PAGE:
Rock Hounding on Mars
Opal - Gem of a Find
Rough opal from Nevada. Credit: Chris Ralph
This series of papers will present a look at the rocks and minerals already identified on Mars, what they are and where they are. Some images are closeup photos taken by Spirit and Opportunity (and several other Martian landers), others are taken from the microscopic imager on board the craft and still others are data obtained from orbit. These pages are in no particular order.
I am starting with this one because Opal are one of my favorite stones that I like to cut...
MRO revealed rocks containing a mineral similar to opal. Courtesy of NASA (Click image for full size)
New Minerals Point to Wetter Mars
Wednesday, 29 October 2008
A Nasa space probe has discovered a new category of minerals spread across large regions of Mars. The find suggests liquid water remained on Mars' surface a billion years later than scientists had previously thought.
The US Mars Reconnaissance Orbiter (MRO) spacecraft found evidence of hydrated silica, better known as opal.
The discovery adds to the growing body of evidence that water played a crucial role in shaping the Martian landscape and-possibly-in sustaining life. Hydrated, or water-containing, minerals are telltale signs of when and where water was present on ancient Mars.
Read the full article here... New minerals point to wetter Mars BBC News
Image Credit: NASA/JPL-Caltech/Univ. of Arizona (Click image for full size)NASA's Mars Reconnaissance Orbiter has revealed Martian rocks containing a hydrated mineral similar to opal. The rocks are light-toned and appear cream-colored in this false-color image taken by the High Resolution Imaging Science Experiment camera. Images acquired by the orbiter reveal that different layers of rock have different properties and chemistry. The opal minerals are located in distinct beds of rock outside of the large Valles Marineris canyon system and are also found in rocks within the canyon. The presence of opal in these relatively young rocks tells scientists that water, possibly as rivers and small ponds, interacted with the surface as recently as two billion years ago, one billion years later than scientists had expected. The discovery of this new category of minerals spread across large regions of Mars suggests that liquid water played an important role in shaping the planet's surface and possibly hosting life.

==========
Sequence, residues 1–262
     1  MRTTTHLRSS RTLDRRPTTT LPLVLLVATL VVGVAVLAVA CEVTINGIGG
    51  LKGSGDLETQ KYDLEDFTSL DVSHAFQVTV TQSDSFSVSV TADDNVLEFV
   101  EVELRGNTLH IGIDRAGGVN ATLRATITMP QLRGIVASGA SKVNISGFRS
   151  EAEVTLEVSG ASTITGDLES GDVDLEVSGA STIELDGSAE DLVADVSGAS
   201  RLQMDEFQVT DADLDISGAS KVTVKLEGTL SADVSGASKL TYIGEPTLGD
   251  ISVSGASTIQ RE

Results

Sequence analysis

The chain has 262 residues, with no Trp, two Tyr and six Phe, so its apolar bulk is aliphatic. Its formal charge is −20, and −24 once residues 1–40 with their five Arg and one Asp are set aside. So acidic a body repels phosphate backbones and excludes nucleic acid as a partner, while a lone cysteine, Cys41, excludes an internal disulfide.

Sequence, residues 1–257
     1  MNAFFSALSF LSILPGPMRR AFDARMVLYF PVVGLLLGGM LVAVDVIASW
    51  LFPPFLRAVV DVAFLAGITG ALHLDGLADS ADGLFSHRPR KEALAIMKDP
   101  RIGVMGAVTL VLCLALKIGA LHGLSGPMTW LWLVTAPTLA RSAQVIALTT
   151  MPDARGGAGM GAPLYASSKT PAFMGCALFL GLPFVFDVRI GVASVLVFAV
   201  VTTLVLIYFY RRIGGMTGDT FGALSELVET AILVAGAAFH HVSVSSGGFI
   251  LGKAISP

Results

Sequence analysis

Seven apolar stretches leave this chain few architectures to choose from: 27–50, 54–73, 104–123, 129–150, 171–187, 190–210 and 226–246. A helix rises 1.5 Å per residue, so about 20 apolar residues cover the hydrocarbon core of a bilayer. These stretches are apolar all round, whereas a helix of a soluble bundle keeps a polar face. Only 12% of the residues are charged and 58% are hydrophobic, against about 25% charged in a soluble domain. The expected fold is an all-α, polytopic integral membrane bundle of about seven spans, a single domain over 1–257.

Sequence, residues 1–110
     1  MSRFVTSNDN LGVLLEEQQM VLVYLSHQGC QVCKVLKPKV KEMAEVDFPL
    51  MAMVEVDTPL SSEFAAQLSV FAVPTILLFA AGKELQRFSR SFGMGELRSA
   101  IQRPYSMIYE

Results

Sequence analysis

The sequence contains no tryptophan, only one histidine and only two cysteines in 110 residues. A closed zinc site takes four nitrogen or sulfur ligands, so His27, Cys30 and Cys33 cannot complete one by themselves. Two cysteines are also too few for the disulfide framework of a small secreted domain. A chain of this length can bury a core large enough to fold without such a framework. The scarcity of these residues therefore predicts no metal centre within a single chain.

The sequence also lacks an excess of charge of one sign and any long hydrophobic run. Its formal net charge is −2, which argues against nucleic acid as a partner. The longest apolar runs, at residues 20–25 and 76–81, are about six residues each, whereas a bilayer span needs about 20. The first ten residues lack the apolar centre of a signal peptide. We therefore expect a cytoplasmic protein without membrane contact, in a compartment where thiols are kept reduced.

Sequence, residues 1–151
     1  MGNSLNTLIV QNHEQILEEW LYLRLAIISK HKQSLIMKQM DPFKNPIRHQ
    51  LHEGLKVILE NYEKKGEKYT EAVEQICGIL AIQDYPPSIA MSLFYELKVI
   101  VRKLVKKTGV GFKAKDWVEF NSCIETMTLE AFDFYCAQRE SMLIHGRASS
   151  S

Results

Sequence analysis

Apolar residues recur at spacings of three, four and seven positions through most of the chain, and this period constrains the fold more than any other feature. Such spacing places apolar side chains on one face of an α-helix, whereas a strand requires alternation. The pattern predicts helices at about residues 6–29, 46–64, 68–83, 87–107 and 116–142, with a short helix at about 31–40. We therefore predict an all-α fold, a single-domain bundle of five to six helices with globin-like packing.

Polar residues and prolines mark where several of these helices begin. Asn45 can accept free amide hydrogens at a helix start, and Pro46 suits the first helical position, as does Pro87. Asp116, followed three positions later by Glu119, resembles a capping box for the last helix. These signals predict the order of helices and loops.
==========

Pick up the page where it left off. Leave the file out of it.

NASA Orbiter Reveals Details of a Wetter Mars
October 28, 2008
PASADENA, Calif. -- NASA's Mars Reconnaissance Orbiter has observed a new category of minerals spread across large regions of Mars. This discovery suggests that liquid water remained on the planet's surface a billion years later than scientists believed, and it played an important role in shaping the planet's surface and possibly hosting life.
Researchers examining data from the orbiter's Compact Reconnaissance Imaging Spectrometer for Mars have found evidence of hydrated silica, commonly known as opal. The hydrated, or water-containing, mineral deposits are telltale signs of where and when water was present on ancient Mars.
"This is an exciting discovery because it extends the time range for liquid water on Mars, and the places where it might have supported life," said Scott Murchie, the spectrometer's principal investigator at the Johns Hopkins University Applied Physics Laboratory in Laurel, Md. "The identification of opaline silica tells us that water may have existed as recently as 2 billion years ago."